Help Enterprises receives a major contribution towards its new $3.3 million Centre of Excellence Community Disability Hub.
Help Enterprises receives a major contribution towards its new $3.3 million Centre of Excellence Community Disability Hub, Andrew Sadauskas reports.
Help Enterprises has received a million dollar donation towards a new $3.3 million disability employment and skills supply chain services hub in the Brisbane suburb of in Crestmead, with the facility to provide a pathway to meaningful employment for students with a disability.
The donation from Hand Heart Pocket the Charity of Freemasons Queensland will assist with the purchase and fit out of the new 2,500 sqm supply chain services facility, which will provide valuable work experience and permanent supported employment for up to 100 people.
The hub will feature a life skills training room, a function room, lunch room, storage facilities and administration offices.
Local schools in Brisbane’s Bayside, Logan City and Southside suburbs will be able to refer students with a disability in Years 10-12 to the Centre’s early intervention programs to build skills, confidence, and boost their employment opportunities.
How the new facility fits in with Help Enterprises’ work
Help Enterprises Executive General Manager Innovation and Growth Nunzia Confessore says there have three main parts to Help Enterprises.
“One part is called Help Disability Care, which provides services and care directly to people with disability through NDIS, allied health services, housing, respite services, day programs and lifestyle programs. We run a lot of those programs across multiple sites across Southeast Queensland,” Confessore says.
“Then we have the employment and training part of the organisation, and that’s to help people with disability and disadvantaged individuals to gain employment with other employers. We look after around 10,000 jobseekers at any point in time, and provide them with training and employment services.
“[The third part] is commercial enterprises, and they are businesses within Help Enterprises that have been created to directly employ people with a disability.”
Confessore says there are three main social enterprises within Help’s commercial enterprises arm.
“We have a Help Manufacturing part of that where we make products like mailboxes and bins. We run a number of product lines for things like awnings, etc.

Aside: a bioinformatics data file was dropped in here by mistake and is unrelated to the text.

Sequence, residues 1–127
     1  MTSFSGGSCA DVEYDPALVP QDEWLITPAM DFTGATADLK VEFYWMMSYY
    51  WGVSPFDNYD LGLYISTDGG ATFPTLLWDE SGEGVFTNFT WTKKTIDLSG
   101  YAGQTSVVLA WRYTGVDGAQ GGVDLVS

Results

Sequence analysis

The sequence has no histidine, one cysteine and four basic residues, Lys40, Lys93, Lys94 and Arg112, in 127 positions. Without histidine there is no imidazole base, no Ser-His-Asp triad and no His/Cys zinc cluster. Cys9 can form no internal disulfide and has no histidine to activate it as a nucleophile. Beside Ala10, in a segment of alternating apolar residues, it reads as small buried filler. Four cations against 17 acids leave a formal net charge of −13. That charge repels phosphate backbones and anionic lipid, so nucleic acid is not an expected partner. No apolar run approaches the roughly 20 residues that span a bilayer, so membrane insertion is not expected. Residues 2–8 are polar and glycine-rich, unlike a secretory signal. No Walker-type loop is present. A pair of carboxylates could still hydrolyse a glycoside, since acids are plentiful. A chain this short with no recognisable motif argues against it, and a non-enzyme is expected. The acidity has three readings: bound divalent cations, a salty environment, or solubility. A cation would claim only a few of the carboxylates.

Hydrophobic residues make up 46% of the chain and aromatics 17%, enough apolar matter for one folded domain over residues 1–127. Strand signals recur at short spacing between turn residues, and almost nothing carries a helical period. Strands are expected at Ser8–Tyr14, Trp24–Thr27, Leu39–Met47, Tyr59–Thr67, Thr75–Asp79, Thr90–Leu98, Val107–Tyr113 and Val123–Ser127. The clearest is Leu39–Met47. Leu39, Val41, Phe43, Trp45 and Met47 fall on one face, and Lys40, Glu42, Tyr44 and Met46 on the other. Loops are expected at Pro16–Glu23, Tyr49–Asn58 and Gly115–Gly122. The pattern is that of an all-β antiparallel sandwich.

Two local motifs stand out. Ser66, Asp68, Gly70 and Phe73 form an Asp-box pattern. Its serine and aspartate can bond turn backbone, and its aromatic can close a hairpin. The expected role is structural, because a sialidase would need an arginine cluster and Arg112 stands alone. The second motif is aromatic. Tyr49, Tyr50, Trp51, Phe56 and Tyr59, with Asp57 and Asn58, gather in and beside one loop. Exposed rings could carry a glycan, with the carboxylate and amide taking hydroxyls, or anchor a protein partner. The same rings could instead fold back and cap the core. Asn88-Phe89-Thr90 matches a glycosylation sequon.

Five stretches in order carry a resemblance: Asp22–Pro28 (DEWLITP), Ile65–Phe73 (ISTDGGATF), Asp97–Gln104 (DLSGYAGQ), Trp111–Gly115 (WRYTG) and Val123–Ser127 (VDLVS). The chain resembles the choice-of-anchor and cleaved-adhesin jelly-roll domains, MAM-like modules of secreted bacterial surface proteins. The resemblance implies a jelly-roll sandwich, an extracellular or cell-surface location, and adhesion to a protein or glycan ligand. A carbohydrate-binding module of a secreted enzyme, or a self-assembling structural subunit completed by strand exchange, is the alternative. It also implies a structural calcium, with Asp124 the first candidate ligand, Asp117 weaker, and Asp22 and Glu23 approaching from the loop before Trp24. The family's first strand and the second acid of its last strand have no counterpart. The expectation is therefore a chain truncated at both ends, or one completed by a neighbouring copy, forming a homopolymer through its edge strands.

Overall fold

“There’s supply chain services that directly employs people with a disability, and that’s our logistics and transport part. That is run across multiple locations in Southeast Queensland.
“We [also] have a wholesale nursery and a cafe at Eagle Farm where we directly employ people with a disability as well. So we have over 900 staff in total within Help, and 38% of people who work in Help identify as having a disability.”
The Hand Heart Pocket grant will help to build a pathway for young people with disability through this new facility in an integrated way.
“Help commercial enterprises is the social enterprise that will be running the warehousing component of this site, and that’s where we will directly employ 100 people within our own supply chain services business,” Confessore says.
“And then what interfaces with that is that they are supported employees, and so our disability care side of the business provides training and skills development to those individuals.
“Ultimately, if we can build those individuals up to the point where they have confidence and skills, our employment and training division can then place those individuals into open employment.”
A hand up, not a handout
Because Help Enterprises already runs supply chain services, the new facility is building on a proven model.
“We have a very large facility here at Eagle Farm, we run another supply chain services facility at Acacia Ridge, we’ve just finished developing Ipswich, and we have a much smaller facility at Sunnybank Hills,” Confessore says.
“We reached out to Hand Heart Pocket and over a period of time we were able to build a relationship, and from that it became clear that some of the areas they were focused on were very much what Help was doing, particularly around disadvantage youth employment.
“From Hand Heart Pocket’s perspective, it fits very well with the pillars and areas of focus for who they support on a charitable basis.”
Aside from the grant application itself, there were a number of other steps involved in getting the new facility off the ground.
“Part of the whole process was identifying a location that was suitable for replicating a hub like this where there was the most need, and coming up with a solution that was sustainable over the long term,” Confessore says.
“The Logan City area fitted naturally with what we were doing elsewhere, and there was a clear need for creating employment and employment participation for young people.”
The grant is a once-off donation, with the new facility expected to be self funding once it gets off the ground.
“The infrastructure piece is where the gap was. We’re certainly able to be sustained from a service delivery perspective because we run a model that is commercially focused, in terms of sourcing customers who pay for our services, and we deliver services under NDIS,” Confessore says.
“But the infrastructure piece is the big piece that isn’t funded from governments, and it was an opportunity from a philanthropic perspective that Hand Heart Pocket saw that they were filling a gap.”
Confessore’s advice to other similar social enterprises is to be clear about where there’s a gap before reaching out to philanthropic institutions.
“Make sure there’s sound governance in place, make sure there’s a proven model where you have the capacity to deliver what you say you will deliver, and then make sure there’s an alignment of values.”